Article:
Regardless, it is hard to see how major realignments in income distribution will be possible without significant labor market intervention. And with civil society decimated and the official union under tight Party control, workers have no political organization that can hold Xi’s feet to the fire.
Shahar Hameiri, Associate Professor, University of Queensland:
The Chinese-style regulatory state
To make sense of common prosperity’s prospects and the factors that will shape its implementation, we need to view it within the wider context of how the Chinese party-state operates.
In our just-published book, Fractured China: How State Transformation is Shaping China’s Rise, Lee Jones and I elaborate on what we call the ‘Chinese-style regulatory state’. Rather than manage issues directly, top leaders often provide vague guidance aimed to give overarching direction for the wider party-state. Such pronouncements are typically short on implementation detail and sometimes include apparently contradictory aims.
Xi’s recent article on common prosperity is a classic of the genre. For example, it calls for developing the state-owned and private sectors. It calls for expanding social security and the social provision of services, like education, but cautions against laziness and ‘welfarism’.
Additionally, Xi’s article lists dozens of priority areas, grouped into six broad categories. This is another classic of the genre, where there are so many priority areas, in effect nothing is prioritised.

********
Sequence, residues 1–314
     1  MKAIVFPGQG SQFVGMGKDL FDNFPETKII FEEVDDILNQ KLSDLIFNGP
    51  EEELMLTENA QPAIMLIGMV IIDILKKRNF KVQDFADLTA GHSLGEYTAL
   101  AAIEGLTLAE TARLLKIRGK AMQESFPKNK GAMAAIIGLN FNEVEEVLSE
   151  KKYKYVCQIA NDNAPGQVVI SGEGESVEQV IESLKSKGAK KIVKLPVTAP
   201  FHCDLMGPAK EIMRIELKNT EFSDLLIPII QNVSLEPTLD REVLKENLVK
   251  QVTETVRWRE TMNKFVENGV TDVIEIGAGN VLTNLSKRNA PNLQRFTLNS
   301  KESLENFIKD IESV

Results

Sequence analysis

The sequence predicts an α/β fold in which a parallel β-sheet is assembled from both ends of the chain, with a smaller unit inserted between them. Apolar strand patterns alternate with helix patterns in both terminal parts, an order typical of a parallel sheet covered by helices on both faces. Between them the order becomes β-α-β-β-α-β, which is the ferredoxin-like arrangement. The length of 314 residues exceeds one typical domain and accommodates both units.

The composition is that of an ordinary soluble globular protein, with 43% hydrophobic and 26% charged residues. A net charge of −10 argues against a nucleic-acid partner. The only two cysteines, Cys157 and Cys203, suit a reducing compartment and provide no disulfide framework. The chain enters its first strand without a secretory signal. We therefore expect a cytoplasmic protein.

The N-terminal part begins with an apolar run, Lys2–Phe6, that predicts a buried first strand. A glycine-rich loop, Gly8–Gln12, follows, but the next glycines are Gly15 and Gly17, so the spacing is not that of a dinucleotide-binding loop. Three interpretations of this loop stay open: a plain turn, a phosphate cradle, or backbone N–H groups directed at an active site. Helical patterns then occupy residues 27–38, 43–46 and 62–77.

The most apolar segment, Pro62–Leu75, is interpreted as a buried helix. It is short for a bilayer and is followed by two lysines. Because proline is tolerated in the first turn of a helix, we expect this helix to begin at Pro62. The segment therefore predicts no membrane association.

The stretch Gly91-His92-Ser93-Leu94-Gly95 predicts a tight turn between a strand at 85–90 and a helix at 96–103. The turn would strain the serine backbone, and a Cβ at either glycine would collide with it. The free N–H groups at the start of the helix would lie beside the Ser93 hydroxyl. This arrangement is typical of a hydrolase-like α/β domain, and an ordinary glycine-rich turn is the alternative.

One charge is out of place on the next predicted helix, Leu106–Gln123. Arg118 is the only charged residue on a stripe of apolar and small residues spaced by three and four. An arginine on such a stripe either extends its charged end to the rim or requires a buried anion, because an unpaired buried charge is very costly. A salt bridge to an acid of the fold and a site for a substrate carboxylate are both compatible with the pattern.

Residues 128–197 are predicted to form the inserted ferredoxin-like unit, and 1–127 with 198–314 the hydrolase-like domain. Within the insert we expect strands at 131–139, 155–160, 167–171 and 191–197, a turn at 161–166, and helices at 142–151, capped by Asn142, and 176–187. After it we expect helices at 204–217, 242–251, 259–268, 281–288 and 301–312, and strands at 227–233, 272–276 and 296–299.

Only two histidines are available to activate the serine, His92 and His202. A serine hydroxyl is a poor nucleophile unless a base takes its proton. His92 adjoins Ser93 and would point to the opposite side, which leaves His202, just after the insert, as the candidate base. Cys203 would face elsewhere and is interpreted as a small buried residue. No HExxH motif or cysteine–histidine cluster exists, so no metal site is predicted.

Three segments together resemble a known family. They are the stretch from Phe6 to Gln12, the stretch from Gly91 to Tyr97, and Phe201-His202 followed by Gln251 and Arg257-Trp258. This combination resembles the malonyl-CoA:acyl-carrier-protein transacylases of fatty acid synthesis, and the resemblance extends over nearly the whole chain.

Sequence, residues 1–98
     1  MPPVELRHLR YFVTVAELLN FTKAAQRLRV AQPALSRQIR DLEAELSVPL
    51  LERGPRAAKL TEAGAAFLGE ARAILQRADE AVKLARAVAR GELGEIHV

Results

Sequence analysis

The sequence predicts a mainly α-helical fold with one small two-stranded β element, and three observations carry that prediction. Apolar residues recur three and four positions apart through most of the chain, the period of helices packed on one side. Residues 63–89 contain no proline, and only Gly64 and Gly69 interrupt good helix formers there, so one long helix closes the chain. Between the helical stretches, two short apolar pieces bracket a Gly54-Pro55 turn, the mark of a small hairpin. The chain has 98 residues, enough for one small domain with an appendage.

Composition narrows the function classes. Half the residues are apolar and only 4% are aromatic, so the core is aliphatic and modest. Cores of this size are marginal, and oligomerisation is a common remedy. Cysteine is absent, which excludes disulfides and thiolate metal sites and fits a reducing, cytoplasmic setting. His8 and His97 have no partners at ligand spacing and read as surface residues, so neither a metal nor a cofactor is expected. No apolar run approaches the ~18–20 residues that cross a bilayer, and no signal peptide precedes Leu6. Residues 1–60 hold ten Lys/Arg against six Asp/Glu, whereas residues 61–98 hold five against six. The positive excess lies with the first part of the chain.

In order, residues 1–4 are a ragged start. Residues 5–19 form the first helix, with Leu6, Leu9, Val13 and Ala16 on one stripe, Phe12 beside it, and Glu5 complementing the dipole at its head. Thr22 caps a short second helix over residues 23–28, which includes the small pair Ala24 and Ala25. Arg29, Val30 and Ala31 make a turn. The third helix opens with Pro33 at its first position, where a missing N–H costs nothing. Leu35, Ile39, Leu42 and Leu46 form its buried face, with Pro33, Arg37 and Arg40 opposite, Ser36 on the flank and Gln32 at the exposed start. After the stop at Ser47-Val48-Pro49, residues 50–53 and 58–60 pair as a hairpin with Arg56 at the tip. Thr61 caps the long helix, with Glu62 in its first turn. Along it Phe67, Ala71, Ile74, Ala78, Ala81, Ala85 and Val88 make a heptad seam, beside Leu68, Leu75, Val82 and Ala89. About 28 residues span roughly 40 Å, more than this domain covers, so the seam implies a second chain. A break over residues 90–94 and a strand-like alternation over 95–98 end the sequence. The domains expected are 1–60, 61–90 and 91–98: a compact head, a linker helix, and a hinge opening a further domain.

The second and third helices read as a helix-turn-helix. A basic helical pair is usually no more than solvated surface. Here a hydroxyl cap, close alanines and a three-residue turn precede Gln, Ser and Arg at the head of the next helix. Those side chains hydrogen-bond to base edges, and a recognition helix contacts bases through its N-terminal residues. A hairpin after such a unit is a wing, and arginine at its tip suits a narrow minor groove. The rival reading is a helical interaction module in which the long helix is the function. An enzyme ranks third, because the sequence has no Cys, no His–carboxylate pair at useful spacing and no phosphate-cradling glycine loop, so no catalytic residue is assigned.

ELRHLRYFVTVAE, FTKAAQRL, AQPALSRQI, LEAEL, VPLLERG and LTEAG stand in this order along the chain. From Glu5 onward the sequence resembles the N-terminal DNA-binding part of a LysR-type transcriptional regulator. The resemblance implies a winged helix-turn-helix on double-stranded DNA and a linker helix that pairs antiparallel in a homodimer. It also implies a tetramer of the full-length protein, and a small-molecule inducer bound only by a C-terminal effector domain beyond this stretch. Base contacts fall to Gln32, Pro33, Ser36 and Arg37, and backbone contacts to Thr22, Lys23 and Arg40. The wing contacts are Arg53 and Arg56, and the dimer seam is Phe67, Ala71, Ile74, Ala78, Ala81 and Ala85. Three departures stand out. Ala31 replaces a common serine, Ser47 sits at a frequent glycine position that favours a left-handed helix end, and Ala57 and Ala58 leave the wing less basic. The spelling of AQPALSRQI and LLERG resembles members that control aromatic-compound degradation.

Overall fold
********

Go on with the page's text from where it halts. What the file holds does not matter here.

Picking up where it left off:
Rather than directly ordering subordinates, statements such as Xi’s provide the wider ‘envelope’ within which subordinates – subnational governments, state-owned enterprises, regulatory agencies – jostle for power and resources. They seek to influence official programs and interpret them in ways that support their interests. Rarely, at their peril, they may even ignore central agendas.
The result is an incoherent, even contradictory, process of implementation, which often leads to outcomes that top leaders did not intend to achieve.
Some implications of this process are becoming apparent in the case of common prosperity. Central efforts to drive down real estate prices via a new national property tax to reduce speculation have been resisted vigorously within the party and by local governments, and a plan to pilot the tax in 30 cities had to be scaled back. Instead, it appears the government may pivot towards public housing, which would benefit the SOE sector, the main beneficiary of many common prosperity reforms so far.
In short, Xi’s speech and overall guidance from the top are important, but common prosperity’s implementation will emerge piecemeal from below.